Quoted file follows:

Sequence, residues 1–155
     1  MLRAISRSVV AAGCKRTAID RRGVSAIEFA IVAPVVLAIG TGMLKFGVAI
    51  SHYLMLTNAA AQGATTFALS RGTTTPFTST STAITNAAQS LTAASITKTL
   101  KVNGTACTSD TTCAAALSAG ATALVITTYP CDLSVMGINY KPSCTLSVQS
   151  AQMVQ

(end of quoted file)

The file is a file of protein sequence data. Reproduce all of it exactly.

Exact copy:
Sequence, residues 1–155
     1  MLRAISRSVV AAGCKRTAID RRGVSAIEFA IVAPVVLAIG TGMLKFGVAI
    51  SHYLMLTNAA AQGATTFALS RGTTTPFTST STAITNAAQS LTAASITKTL
   101  KVNGTACTSD TTCAAALSAG ATALVITTYP CDLSVMGINY KPSCTLSVQS
   151  AQMVQ